These are supplements that have been shown to increase testosterone levels in the body. Unlike the Testosterone Booster category page, which is more comprehensive, this page excludes supplements that have been shown to be ineffective.
However, we will include supplements that have been shown to increase testosterone in laboratory animals but do not have human trials looking at testosterone. These are uncertain compounds.
Some compounds that have been shown to increase testosterone in rats, but no accurate human dose can be estimated, have been excluded.
200mg DHEA is near the upper limit of what is used to boost testosterone. DHEA is very well studied, and appears to boost testosterone most of the time in persons older than 40 years of age.
Usage of 200mg DHEA in youth (18-25, for the most part) is much more hit or miss. It has been noted in some studies, but some studies also come back null. The DHEA pool always rises (indicating absorption), just sometimes this does not translate into higher testosterone levels for unknown reasons.
It does boost testosterone in women as well, but estrogen too. Minimal to no side-effects regarding androgenicity (man-like side effects) are seen with the average dose of 50mg in women, which is what many fat burning and anti-aging supplements contain.
Females may also use the derivative compoun called 7-Keto (or 7-Oxo), which is a metabolite of DHEA that cannot turn into either estrogen or androgens.
One human study noted D-Aspartic Acid increasing testosterone in man at 3g Sodium-D-Aspartate taken after a meal.
3000 IU in otherwise normal men (those with less than the 'ideal' serum level of Vitamin D) saw an increase in testosterone. Not instantly, but when vitamin D levels normalized.
This isn't so much a 'spiking' of testosterone levels, but a restoration of suppressed testosterone levels from a Vitamin D deficiency.
Similar to Vitamin D, Zinc is able to preserve or increase testosterone when you would be in a zinc deficiency. Zinc deficiencies are more prevalent in vegetarians and vegans, and can be induced with excessive sweating from exercise and subpar dietary intake.
Zinc has not been shown to increase testosterone further than resting levels when taken above a normal diet, and 50mg is a rather high dose but one commonly used.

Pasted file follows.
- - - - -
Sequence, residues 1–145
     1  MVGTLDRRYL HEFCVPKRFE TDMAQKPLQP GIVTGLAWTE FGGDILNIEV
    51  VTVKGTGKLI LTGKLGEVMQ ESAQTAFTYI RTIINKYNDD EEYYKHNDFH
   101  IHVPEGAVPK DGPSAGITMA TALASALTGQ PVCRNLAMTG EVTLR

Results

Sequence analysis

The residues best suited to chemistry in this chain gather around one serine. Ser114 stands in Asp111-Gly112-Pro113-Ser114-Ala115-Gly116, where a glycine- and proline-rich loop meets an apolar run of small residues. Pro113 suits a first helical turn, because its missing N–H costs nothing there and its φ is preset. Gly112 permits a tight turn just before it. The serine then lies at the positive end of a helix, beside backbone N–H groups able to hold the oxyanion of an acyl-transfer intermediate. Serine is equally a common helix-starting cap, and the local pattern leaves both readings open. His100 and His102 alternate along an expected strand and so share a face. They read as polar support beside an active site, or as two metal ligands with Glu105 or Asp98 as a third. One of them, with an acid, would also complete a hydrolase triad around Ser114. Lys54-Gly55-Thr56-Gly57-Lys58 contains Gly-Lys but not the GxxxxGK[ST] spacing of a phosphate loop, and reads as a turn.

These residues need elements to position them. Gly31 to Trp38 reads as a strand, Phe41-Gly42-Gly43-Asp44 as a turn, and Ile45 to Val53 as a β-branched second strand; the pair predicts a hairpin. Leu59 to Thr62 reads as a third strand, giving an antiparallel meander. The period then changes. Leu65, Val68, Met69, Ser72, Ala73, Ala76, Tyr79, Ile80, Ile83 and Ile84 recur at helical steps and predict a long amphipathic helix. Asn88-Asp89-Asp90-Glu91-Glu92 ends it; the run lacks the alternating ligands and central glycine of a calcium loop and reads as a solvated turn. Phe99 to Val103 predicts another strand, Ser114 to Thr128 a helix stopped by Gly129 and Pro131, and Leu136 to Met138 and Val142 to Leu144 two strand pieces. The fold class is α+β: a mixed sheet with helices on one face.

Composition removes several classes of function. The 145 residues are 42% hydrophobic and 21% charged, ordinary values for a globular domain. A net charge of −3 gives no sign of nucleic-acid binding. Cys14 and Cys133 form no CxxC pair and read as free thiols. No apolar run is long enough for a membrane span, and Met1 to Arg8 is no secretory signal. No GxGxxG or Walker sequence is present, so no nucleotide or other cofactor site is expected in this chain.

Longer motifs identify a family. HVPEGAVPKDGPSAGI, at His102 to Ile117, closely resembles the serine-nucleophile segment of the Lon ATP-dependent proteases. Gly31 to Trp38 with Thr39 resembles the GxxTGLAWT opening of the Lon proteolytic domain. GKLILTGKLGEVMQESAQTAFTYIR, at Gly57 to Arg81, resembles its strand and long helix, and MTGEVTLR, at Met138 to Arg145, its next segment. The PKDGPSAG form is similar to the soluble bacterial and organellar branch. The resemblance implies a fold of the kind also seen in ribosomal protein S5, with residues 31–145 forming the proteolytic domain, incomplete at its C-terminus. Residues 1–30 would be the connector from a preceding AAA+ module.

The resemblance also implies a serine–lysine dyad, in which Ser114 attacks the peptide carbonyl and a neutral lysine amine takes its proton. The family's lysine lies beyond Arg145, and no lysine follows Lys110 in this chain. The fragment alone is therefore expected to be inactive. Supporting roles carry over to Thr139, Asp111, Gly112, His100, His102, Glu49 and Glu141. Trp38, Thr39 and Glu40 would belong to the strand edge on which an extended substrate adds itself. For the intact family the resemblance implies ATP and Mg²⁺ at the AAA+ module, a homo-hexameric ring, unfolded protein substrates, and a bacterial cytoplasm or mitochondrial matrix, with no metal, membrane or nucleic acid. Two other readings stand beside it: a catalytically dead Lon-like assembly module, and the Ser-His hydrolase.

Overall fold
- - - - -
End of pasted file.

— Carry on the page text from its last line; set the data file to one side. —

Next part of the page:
There are no human studies on the subject matter, so doses need to be extrapolated from rats. Odd research compound, as it has been shown to increase testosterone in rats in multiple studies with high reproducibility yet no studies in humans.
10g is merely an estimate, dosages may fluctuate around this number.
The results appear to be dose-dependent, and also appear to be subject to negative feedback. If using very high doses of ginger, it would be a good idea to cycle it.
Fenugreek has been shown to increase testosterone in healthy males, but the mechanism is not known. Additionally, Fenugreek has been demonstrated to reduce DHT despite increasing testosterone; this means that fenugreek is both a testosterone booster (by technicality) and possible anti-androgen. As such, the testosterone 'boost' from Fenugreek may not confer much help to building muscle, Read more here
The 500mg used was with TestoFen, a patented blend that has a much higher steroidal saponin content than basic Fenugreek. If not using TestoFen, higher doses would need to be used.
This supplement appears to reliably increase testosterone in animals, but is also associated with adverse effects in renal tubules and the liver. There is not enough evidence at this moment in time to do a proper cost-benefit analysis on whether to use it or not, but it does appear to increase testosterone.
It would be prudent to avoid supplementation of Bulbine Natalensis if currently not in the peak of health, or otherwise being cautious.
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